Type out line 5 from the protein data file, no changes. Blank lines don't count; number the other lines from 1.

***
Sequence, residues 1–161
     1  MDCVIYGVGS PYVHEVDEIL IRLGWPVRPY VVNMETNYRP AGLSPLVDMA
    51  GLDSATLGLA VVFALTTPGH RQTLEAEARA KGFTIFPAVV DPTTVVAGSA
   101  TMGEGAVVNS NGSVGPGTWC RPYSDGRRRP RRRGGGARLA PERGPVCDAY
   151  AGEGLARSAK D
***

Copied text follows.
   151  AGEGLARSAK D